Friday, March 2, 2012

Western Caribbean Cruise - Houston & Galveston

Time for another retrospective adventure! Our friends Cathy and Fred invited us to join them for a Western Caribbean Cruise aboard the Norwegian Dream (Norwegian Cruise Lines). We also spent a few days exploring their "neck of the woods." It was December, 2005, and here we go!

Houston and Galveston

Come and sit by the fire...
Photo by Chris. All rights reserved.
Here we are in Houston, at Cathy and Fred's, and it feels cozy and comfortable. Their home is lovely and reflects their personal charm and style, with gas fireplaces (always on for ambiance) in the living room and master bedroom, which is a loft room overlooking the living room. The house was designed to be open flooring, which it certainly is – vastly spacious, with beautiful hardwood floors. It says, “Come on in and make yourself at home. How about right over here, on the cushy sofa by the fire?”

The guest room is on the main level down a little hallway from the living room, very private, with its own bathroom that connects through to the laundry room off the kitchen. Cathy has thoughtfully supplied it with everything we could possibly need. She sets the hospitality bar pretty high and couldn't be more gracious.

Grab ya some sweet tea and sit awhile.
Photo by Chris. All rights reserved.
Situated right by the water on a peninsula between the San Jacinto River and the bayou, it is in a flood zone. So, it's up on pilings and is about 20' in the air. That way, when the water starts to rise and reaches a particular tree, Cathy and Fred can get in their car with their pooch and a few belongings and safely leave the vicinity for higher ground farther inland, knowing that their house will probably be just fine while they are gone. Or not. But judging from what we saw in Galveston yesterday, it's normal for homes near the water to be up on pilings. It's also harder for swamp creatures to make it all the way up to the deck, I imagine. But there I go with my imagination!

Galveston is flat. And, on this day,
it was grey, too.
Photo by Chris. All rights reserved.
Yesterday, when we arrived after an uneventful flight from Oakland on Southwest Airlines, we all drove down to Galveston to the sea wall that was built to protect the city after the hurricane in 1900 that killed 6,000 to 8,000 people. With all that water around, and with everything at sea level, it was easy to see why folks were freaking out at the possibility of a direct hit by Hurricane Rita. Galveston is built on an island, and there's basically one bridge and the ferry for getting out of Dodge. I imagine the traffic could back up in a huge hurry if everybody was in a panicked hurry to leave. And once the bridge and ferry shut down, there would be no easy way to get out. I guess you'd have to hunker down in your palatial beachfront home.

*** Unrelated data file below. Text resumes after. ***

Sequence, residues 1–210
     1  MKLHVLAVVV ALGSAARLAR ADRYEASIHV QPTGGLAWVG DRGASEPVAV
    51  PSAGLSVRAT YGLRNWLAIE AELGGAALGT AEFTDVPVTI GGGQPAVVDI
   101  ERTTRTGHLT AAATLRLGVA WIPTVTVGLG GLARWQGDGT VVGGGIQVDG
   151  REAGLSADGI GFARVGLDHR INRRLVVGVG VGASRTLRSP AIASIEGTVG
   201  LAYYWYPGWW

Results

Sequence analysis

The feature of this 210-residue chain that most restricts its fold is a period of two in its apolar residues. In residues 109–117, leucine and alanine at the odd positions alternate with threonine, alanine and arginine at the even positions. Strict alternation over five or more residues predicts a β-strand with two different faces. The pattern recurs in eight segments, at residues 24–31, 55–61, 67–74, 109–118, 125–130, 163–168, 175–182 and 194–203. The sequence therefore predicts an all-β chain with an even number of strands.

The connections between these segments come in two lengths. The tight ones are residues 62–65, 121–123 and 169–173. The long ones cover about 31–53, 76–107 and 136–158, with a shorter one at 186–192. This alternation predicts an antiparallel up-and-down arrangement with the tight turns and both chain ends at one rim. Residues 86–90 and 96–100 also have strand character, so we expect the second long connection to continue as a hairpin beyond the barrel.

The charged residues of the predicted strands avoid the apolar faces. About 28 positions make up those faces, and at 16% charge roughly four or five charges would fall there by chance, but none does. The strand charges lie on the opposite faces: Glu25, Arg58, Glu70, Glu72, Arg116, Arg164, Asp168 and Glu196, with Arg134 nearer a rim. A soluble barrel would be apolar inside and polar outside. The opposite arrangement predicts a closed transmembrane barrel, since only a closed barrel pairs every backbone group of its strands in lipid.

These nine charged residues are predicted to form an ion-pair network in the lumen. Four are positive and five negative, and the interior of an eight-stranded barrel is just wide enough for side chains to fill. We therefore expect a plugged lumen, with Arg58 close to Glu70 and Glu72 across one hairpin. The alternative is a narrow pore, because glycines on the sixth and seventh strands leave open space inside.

The beach at Galveston goes on for miles, and the water is very shallow quite a distance offshore. Glen Campbell, get out of my head with that song, already! Sheesh!

Watching the ships (large cargo ships and oil tankers) sailing in and out of the harbor, we were treated to some pretty entertaining antics by the dolphins. They love to frolic in the wake and jump ahead of the bow. It makes my heart glad to see these creatures having a blast, too.

We took the ferry to the Bolivar Peninsula (east), where we stuffed ourselves with soft-shell crab – BBQ'd, fried, boiled, fired – at the Stingaree Restaurant at Crystal Beach. Very delicious! And the frozen margaritas were pretty spectacular, too, as we sat our table, watching barges navigating the intercoastal waterway just outside the window. There's a bait farm at Stingaree, too, for the fishermen. There are cement block tanks with fresh live, live dead, and dead baits (Interesting classifications, eh? Not being a fisherperson, these may be standard designations, but I wouldn't know!).

View from the deck. Very private.
Photo by Chris. All rights reserved.
Upon our return to Houston, we went to the post office and to Target. Yep, just like home. I noticed that flags are at half-mast everywhere, as it is Pearl Harbor Day. Texans are seriously patriotic, and such observances are not overlooked lightly.

The weather is unseasonably cold. In fact, it's freezing. Fred had hoped to BBQ for us on his patio boat, but that may not happen. Maybe we can have a BBQ on the deck if it warms up a bit.

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